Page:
Nick's garden was absolutely full of bags of apples; some from here, some from there but he knew where each bag had come from. It was remarkable how many apples he already had with the promise of more on the way. It was also very surprising how much juice each bag will give you; I thought it would have been a lot less.
The main bit of kit is impressively simple: apples go in, juice comes out. The whole process is really interesting to watch and doesn't take long from start to finish. The apples are washed before being mulched up. The mulch is then layered up between cloths and wooden boards until there is a pile of around nine (I think!). The pile is then pressed and out comes the juice.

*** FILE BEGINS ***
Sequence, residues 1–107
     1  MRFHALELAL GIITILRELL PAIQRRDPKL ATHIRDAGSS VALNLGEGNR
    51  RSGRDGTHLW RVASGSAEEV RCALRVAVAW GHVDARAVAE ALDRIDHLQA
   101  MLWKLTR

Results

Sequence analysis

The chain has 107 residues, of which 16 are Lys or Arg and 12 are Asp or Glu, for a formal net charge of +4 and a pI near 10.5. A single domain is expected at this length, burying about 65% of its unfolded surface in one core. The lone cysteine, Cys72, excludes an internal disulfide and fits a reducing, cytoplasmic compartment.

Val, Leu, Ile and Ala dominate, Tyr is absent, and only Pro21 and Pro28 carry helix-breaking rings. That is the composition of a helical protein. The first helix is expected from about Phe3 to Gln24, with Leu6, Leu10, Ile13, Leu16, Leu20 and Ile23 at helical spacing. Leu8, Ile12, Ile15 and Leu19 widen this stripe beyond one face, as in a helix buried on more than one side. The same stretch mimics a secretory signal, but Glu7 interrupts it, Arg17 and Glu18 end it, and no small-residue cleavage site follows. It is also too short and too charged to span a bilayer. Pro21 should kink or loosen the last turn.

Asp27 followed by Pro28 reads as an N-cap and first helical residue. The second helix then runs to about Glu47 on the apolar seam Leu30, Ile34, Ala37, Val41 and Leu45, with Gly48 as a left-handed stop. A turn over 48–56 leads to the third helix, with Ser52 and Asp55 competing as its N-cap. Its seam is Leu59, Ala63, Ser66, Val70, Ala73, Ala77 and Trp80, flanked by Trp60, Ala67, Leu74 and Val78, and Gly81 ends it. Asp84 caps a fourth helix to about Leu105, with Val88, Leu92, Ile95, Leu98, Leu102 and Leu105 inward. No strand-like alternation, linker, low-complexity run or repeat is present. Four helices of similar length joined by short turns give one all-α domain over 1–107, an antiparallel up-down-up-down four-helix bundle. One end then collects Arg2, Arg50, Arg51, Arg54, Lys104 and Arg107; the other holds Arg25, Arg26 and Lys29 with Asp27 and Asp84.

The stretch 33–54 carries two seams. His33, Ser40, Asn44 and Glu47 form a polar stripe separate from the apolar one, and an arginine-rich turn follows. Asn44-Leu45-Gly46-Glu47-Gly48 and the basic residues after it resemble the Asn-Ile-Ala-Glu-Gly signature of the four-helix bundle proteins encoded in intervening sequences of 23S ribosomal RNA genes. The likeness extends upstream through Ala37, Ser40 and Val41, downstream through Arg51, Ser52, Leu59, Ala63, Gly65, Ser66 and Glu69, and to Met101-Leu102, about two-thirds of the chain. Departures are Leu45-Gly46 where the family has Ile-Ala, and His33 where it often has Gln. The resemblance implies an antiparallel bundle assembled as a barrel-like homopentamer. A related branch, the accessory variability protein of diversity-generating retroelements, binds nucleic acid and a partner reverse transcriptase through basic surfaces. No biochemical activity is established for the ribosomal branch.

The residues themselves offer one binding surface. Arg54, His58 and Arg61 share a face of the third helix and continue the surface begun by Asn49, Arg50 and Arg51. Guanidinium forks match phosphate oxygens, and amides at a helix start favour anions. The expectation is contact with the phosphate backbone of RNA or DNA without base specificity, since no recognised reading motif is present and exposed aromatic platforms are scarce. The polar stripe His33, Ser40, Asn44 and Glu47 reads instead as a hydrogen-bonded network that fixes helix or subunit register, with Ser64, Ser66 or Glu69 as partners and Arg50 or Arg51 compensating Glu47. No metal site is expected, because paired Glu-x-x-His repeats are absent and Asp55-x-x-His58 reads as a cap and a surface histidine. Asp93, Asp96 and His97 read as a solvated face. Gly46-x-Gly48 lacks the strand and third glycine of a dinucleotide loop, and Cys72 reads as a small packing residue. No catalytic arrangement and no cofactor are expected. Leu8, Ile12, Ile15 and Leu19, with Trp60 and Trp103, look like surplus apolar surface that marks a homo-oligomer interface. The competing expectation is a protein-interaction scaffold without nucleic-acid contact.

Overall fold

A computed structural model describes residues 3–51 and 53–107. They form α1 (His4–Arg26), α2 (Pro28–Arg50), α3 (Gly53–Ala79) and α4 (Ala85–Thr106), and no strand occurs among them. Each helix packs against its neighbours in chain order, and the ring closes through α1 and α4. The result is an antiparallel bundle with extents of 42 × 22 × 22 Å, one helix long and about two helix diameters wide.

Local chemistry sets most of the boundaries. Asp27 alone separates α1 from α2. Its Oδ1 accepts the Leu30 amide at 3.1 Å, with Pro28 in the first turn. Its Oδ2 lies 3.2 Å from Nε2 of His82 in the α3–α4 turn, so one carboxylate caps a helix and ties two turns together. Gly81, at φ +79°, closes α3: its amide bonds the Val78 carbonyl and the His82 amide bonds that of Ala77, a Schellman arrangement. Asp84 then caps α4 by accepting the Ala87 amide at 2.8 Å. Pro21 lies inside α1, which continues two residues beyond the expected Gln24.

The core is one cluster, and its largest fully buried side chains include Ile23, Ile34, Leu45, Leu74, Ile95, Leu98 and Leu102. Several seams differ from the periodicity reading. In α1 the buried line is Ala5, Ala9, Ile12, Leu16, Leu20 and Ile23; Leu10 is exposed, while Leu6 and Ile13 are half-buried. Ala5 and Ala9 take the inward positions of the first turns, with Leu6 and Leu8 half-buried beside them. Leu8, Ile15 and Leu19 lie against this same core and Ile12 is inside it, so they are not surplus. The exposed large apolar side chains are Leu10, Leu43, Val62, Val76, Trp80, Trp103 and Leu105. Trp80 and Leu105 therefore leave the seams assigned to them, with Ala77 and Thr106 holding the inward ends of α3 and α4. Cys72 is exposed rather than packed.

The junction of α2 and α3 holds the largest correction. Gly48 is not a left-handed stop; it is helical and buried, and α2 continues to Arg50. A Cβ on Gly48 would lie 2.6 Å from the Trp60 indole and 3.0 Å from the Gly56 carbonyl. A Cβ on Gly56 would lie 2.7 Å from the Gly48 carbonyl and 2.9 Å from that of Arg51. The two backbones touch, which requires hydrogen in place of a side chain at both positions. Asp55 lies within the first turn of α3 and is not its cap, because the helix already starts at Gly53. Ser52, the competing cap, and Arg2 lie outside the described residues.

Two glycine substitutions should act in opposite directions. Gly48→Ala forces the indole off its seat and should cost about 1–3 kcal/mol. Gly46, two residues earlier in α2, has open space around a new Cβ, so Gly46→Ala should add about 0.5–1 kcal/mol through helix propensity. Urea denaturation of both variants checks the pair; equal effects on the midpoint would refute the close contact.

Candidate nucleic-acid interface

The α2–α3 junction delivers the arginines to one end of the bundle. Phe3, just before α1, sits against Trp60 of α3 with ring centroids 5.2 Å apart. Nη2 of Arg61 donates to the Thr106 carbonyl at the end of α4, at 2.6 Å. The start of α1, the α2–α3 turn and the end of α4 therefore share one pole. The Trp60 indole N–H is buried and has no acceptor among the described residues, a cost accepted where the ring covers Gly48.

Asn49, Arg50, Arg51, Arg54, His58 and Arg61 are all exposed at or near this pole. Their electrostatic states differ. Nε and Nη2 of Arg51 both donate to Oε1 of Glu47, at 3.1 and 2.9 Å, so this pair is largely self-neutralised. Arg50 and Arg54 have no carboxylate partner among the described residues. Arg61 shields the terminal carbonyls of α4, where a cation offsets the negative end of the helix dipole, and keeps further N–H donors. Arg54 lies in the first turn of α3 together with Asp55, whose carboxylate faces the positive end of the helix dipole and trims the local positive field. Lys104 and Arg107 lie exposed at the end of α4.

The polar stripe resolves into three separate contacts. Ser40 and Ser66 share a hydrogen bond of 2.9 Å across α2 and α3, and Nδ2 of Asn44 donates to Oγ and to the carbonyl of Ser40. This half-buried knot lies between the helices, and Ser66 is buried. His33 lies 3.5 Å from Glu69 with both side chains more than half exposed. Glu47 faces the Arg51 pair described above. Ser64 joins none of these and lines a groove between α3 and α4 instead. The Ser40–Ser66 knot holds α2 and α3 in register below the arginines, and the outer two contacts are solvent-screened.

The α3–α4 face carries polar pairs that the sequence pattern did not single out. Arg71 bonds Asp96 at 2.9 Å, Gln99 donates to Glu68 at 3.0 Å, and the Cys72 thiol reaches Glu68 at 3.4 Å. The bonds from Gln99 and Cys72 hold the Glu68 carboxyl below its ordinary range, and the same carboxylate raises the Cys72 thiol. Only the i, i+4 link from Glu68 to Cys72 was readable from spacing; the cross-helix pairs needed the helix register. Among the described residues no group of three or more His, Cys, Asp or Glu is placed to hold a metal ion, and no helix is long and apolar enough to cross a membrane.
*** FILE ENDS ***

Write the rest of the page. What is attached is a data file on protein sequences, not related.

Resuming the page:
The apple juice that came out was absolutely delicious; a great mixture of cookers and eaters gave the juice a sweet and sharp tang. The thing about Ciderniks is the simplicity of it. Once the juice is ready it's left to ferment of its own accord with no interference or additives of any kind. The cider itself seems much more honest; a hark back to a golden age of cider making.